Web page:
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Hurricane Juan was a blessing in disguise for waterfront development. Will we be so lucky next time?

It was just over 10 years ago that a category-two hurricane dubbed Juan tore through Halifax, ripping roofs from houses and trees from the ground, and flooding our waterfront and coastline. Eight deaths were attributed to the storm. The tally for repairs has been estimated at $300 million.

These days, if you take a stroll down the Halifax waterfront on a summer afternoon, the memory of Juan seems unthinkable. The last decade has been good to the waterfront. It's seen a different kind of perfect storm– a concurrence of public infrastructure improvements, entrepreneurial growth spurts and good design. Throw in a harbour that no longer (for the most part) reeks of raw sewage, and you've got a positively lovely harbourside, complete with hordes of people, Haligonians and tourists alike, there to enjoy it.

It cost the Waterfront Development Corporation Limited, owners and/or operators of most of the waterfront properties from the ferry terminal to the NS Power building, about $500,000 to repair the Halifax waterfront damage from Juan. It was "our last funding from the province," says WDCL's director of operations, Jennifer Angel. In the decade since Juan, WDCL has spent about $9 million on maintenance and improvement projects. And next on the roster: a new large-scale development at the Cunard parking lot, and the Queen's Landing development. 

"The momentum is there," says Angel. "We'll see major change not just on the waterfront but throughout the downtown in the coming few years."  

And it's not just Halifax. Dartmouth and Bedford waterfronts have major infill and development projects on the horizon–King's Wharf, Dartmouth Cove and the Bedford waterfront.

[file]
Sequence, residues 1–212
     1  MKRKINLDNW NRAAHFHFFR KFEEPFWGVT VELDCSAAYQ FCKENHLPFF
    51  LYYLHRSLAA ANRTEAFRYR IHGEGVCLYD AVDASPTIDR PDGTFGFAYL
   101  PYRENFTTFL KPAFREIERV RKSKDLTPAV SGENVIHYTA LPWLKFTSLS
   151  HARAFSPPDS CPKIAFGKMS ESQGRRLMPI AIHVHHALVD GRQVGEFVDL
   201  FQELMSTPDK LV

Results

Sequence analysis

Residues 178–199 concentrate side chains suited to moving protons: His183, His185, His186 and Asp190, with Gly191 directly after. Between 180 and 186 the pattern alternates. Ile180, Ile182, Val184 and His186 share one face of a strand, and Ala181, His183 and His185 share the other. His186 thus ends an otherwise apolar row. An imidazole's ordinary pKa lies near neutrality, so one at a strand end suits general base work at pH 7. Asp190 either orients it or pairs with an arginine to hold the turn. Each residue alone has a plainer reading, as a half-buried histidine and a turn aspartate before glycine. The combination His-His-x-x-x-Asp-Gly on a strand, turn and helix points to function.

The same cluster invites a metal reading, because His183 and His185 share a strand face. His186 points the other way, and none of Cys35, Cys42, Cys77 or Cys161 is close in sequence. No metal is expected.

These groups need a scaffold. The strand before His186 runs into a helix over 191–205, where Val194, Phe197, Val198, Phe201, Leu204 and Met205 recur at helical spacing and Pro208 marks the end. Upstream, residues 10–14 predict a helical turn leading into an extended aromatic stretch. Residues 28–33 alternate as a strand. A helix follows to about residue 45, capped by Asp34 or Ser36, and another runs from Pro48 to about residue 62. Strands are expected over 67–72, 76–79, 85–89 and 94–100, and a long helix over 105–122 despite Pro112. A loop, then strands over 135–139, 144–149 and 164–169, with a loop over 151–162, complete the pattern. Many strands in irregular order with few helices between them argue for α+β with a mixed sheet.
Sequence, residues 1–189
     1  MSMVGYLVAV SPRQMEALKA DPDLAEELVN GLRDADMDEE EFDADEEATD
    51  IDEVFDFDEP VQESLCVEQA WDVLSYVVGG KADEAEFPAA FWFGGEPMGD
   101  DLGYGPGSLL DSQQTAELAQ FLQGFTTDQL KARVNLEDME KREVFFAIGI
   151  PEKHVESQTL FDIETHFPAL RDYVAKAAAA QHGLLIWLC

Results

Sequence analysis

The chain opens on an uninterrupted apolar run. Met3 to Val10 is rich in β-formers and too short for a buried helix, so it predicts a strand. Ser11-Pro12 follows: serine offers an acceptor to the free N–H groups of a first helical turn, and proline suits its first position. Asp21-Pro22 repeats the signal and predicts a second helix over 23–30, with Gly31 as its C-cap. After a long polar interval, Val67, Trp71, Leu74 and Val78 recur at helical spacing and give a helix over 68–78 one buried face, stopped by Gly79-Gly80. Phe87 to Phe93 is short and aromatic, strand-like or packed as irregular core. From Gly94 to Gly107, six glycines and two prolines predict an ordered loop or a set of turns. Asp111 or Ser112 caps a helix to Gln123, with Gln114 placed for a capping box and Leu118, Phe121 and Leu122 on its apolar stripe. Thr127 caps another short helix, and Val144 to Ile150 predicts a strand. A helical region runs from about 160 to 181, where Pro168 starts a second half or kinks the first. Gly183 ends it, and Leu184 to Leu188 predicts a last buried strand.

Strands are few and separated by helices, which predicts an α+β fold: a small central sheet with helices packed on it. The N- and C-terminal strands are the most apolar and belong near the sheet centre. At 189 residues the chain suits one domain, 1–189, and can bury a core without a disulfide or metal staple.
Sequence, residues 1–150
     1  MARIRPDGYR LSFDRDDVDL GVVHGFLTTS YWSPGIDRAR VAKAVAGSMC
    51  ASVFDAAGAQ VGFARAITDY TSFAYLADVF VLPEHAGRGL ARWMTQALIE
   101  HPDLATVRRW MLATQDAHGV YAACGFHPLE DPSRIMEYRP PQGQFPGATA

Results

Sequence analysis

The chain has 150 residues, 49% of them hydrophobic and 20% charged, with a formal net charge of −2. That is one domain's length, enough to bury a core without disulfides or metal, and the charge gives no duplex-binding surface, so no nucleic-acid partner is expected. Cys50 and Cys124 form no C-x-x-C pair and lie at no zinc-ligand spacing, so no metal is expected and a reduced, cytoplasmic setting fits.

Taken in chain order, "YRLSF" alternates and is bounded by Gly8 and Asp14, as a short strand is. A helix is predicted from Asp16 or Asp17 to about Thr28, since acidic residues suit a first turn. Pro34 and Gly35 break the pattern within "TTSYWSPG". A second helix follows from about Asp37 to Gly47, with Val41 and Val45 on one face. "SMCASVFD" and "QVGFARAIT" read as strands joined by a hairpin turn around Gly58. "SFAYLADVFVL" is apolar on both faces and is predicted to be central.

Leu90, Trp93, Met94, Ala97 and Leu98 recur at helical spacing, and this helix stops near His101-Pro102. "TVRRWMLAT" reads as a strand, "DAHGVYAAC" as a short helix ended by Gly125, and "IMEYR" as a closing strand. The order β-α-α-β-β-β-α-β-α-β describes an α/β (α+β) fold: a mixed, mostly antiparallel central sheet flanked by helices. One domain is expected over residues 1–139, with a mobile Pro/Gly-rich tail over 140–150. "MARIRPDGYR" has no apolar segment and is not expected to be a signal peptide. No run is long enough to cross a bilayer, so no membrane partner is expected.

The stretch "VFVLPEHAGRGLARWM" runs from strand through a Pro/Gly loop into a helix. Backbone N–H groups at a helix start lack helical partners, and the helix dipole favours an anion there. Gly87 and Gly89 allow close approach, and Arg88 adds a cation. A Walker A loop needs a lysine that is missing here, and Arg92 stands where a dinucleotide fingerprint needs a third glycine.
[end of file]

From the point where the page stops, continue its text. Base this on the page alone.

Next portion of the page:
But how will all this waterside development fare against the challenges of climate change?

Jennifer Graham is the coastal coordinator at the Ecology Action Centre. "I feel mixed about our beautiful waterfront," says Graham, a fan of free public access to the harbourside. She worries about some developments' proximity to the water. "I don't understand why we have so many buildings that are flat up against the water with absolutely no buffer, and great big plate- glass windows on the bottom floor," she says. 

Graham is concerned that with sea level on the rise and Nova Scotia slowly sinking, the waterfront will become even more vulnerable to flooding during storms and weather events. She'd rather see development sit back from the coast, like the new Nova Scotia Community College campus in Dartmouth. "They could have built right to the water's edge," says Graham, "but they kept that nice vegetated slope and set themselves back a ways." 

The sloping and irregularities of natural coastlines make them more resilient, says Graham. New developments in Bedford and Dartmouth Cove are "missing an opportunity by taking the remaining areas of natural coastline and turning them into infill areas and shoreline hardening," she says. "People are building as though this kind of stuff is something in the distant future."